KENYA – Bamburi Cement, an industrial company specialising in cement and concrete, has announced plans to source a portion of its power supply from solar plants in a bid to cut costs and reduce the impact of electricity outages in the main grid.
The company said it has signed a power purchase agreement with MOMNAI Energy Limited to set up two solar plants adjacent to its Mombasa and Nairobi factories. The independent power producer will set up the plants with Bamburi buying directly from it.
The company targets to generate 14.5 megawatts at Bamburi’s Mombasa plant and five megawatts at the Nairobi factory. This will account for 40 percent of Bamburi’s total power supply.
The partial shift to solar is expected to cut the Nairobi Securities Exchange-listed firm’s electricity bill by 10 percent or over KSh600 million (US$5.28m) per annum. It spent KSh6.04 billion (US$53.15m) in 2020 on electricity and alternative energy sources such as rice husks and other waste materials like tyres and oil in its operations.
Bamburi will be the next major manufacturer to shift to solar after East Africa Breweries Plc (EABL) last year announced a KSh22 billion (US$193.58m) investment plan in renewable energy.
“We are elated to be making this step towards switching to more affordable and clean energy that will not only lead to a significant reduction in power costs but also bring us closer to our goal of achieving Net Zero carbon emissions,” said Miriam Ngolo, Bamburi’s strategy and business development director.
Construction of Bamburi’s solar power plant will begin at the end of this year after requisite regulatory approvals and the project is expected to be completed within a year.
The move comes at a time when more consumers are ditching the national electricity distributor Kenya Power following an outcry over high bills and erratic supply.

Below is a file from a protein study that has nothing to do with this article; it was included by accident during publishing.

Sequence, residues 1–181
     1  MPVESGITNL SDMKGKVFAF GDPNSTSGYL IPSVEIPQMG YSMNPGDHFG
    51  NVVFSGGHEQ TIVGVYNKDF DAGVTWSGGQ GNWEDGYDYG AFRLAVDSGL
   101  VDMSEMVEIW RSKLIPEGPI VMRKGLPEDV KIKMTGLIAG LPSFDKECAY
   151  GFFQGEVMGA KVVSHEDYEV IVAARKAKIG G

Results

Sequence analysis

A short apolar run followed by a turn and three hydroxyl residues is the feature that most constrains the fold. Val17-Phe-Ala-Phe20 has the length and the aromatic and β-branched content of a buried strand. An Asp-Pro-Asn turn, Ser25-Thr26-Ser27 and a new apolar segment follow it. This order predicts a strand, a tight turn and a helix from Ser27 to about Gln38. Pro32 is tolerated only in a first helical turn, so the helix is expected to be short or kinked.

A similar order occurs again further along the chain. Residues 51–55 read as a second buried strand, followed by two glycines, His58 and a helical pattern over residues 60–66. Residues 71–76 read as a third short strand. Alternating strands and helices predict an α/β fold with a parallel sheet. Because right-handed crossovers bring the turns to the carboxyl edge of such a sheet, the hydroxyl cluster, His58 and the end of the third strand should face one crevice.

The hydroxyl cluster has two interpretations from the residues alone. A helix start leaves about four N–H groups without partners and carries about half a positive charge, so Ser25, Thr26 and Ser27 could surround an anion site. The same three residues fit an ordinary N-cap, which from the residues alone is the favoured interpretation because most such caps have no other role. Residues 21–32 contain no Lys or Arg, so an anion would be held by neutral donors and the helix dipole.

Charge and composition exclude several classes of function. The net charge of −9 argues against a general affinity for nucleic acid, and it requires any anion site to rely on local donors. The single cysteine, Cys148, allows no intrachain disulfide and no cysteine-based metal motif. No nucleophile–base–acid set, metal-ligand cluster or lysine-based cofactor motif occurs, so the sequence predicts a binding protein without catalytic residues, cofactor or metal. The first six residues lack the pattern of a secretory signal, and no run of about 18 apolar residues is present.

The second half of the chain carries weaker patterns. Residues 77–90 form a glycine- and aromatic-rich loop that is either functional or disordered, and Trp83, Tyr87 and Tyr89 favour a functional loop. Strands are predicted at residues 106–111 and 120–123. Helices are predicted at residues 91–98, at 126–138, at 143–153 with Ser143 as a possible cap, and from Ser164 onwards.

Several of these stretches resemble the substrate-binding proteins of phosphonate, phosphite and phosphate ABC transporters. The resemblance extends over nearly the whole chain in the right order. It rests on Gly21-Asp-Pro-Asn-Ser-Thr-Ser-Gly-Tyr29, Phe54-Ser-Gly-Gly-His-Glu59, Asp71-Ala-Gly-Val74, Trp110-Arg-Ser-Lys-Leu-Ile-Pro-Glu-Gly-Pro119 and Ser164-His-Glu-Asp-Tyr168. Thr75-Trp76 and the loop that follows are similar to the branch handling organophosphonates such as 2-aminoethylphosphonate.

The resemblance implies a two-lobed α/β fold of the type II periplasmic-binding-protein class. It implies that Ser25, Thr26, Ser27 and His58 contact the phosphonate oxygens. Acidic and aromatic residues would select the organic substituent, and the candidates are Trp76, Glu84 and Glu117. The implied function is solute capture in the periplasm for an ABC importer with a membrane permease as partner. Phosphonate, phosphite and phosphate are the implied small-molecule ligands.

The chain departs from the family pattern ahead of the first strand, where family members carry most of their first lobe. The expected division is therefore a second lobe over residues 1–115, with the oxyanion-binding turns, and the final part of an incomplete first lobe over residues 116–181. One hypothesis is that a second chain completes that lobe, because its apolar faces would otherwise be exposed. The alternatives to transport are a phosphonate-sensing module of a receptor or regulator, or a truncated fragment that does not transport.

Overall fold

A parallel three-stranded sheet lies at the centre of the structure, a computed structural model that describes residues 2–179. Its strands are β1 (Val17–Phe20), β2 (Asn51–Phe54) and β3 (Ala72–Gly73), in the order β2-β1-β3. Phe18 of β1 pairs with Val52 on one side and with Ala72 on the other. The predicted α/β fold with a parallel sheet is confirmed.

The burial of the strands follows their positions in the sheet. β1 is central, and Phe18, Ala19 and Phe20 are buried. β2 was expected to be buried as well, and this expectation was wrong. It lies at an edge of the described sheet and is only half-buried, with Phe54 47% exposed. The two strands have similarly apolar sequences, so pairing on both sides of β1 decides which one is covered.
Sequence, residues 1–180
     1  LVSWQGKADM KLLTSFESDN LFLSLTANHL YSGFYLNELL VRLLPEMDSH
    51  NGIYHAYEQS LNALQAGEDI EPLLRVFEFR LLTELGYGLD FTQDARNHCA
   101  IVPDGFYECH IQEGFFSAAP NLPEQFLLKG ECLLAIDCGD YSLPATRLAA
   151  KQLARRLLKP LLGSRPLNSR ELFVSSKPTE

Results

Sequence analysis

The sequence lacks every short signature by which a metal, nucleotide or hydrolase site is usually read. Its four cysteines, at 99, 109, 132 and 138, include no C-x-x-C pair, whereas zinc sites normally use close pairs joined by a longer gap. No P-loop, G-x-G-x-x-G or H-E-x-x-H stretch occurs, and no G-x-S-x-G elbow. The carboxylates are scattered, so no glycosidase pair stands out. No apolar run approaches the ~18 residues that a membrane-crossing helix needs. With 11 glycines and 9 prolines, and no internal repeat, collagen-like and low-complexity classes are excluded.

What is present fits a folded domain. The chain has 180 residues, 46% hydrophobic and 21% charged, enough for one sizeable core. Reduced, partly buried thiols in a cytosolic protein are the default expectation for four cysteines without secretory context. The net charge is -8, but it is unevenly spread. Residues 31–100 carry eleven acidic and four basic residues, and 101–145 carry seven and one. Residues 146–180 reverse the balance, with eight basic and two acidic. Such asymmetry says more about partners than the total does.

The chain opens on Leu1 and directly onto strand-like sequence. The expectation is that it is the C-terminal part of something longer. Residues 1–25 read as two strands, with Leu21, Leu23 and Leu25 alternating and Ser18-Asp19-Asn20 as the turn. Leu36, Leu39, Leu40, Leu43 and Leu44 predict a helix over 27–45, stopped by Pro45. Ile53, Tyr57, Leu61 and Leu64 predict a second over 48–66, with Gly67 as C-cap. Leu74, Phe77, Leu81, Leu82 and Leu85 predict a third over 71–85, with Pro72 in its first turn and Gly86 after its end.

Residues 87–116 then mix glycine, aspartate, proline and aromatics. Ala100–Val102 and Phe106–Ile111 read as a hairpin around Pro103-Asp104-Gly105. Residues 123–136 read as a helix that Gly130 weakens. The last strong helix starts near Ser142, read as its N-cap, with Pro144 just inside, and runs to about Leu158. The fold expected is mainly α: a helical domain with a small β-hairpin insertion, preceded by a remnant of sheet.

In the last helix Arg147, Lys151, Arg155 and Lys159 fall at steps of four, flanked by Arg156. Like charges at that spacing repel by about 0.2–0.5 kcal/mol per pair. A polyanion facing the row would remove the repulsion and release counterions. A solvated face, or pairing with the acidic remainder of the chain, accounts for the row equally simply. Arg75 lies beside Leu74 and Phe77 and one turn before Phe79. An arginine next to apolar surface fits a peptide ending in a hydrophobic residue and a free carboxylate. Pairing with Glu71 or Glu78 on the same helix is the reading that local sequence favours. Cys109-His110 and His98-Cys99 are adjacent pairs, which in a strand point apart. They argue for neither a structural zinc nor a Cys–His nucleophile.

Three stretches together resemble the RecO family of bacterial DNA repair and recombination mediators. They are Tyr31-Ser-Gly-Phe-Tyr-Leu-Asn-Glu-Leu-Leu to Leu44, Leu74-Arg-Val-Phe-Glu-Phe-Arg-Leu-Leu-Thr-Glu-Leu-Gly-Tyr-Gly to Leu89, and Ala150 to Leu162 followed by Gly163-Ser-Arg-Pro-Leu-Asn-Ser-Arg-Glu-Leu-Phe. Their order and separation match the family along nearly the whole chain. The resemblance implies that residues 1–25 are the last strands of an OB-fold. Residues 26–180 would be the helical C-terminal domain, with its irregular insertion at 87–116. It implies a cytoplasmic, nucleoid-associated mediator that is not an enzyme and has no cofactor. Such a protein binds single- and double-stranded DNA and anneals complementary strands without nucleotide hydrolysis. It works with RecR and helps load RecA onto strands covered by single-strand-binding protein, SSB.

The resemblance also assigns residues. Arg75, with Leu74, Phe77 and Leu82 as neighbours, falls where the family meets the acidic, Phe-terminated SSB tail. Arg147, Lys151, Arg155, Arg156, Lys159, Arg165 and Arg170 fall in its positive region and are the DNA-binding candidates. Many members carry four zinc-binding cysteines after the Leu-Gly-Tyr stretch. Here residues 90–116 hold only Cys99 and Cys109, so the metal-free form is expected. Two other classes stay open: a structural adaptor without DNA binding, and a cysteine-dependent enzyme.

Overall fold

Kenyan cements expanding to DRC
Kenyan cement companies have stepped up expansion plans with an eye on the estimated 10 million metric tonnes annual demand of cement in the Democratic Republic of Congo (DRC) market.
The East Africa region’s installed cement capacity is currently estimated at 15.6 million tonnes, with 8.6 million tonnes of that figure produced in Kenya according to data from the Kenya National Bureau of Statistics.
Cement firms are expanding their total clinker production capacity by 70 percent to 10.7 metric tonnes per year by 2023 from the current 6.3 metric tonnes as part of their strategy to expand in the EAC region.
East African Portland Cement Company (EAPCC), National Cement, Bamburi Cement, Karsan Ramji & Sons, Rai Cement and Savannah Cement plan to add a total of 4.4 metric tonnes annually to their clinker capacities.
“In the past 10 years, EAPCC has been missing from the infrastructural agenda due to competition among other challenges. Now we have come up with a five-year strategic plan as we want to revamp our operations,” said Oliver M. Kirubai, managing director at the EAPCC.
“We are targeting the East African market, including the DRC. We are getting inquiries from Rwanda as well.”
All the EA countries have infrastructure projects lined up.
The DRC, which is set to join the EAC regional bloc this year, is a country in need of infrastructure development.
Savannah Cement to build clinker production plant
Savannah Cement wants to raise US$350 million (KSh39.7 billion) via a bond on the London Stock Exchange (LSE) to build a clinker production plant.
The firm has been relying on imported clinker – a component that makes up about 70 per cent of cement. It now wants to change this by building its plant.
Savannah plans to put up a clinker plant in Kitui County with a capacity of 8,000 tonnes per day or 2.7 million tonnes annually. Savannah also plans to venture into cement making in neighbouring Uganda.
Apart from DRC, Savannah also exports cement to South Sudan and northern Tanzania.
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